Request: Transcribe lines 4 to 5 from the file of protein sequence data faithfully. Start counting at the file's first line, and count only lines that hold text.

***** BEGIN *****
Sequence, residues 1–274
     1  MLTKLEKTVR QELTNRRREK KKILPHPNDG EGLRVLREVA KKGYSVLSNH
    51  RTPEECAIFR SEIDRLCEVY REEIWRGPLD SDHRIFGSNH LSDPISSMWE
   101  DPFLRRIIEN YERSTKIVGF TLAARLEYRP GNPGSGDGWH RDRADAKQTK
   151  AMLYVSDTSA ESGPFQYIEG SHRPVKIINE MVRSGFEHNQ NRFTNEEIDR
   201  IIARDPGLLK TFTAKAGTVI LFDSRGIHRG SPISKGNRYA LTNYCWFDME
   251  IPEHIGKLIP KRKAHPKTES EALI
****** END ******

   101  DPFLRRIIEN YERSTKIVGF TLAARLEYRP GNPGSGDGWH RDRADAKQTK
   151  AMLYVSDTSA ESGPFQYIEG SHRPVKIINE MVRSGFEHNQ NRFTNEEIDR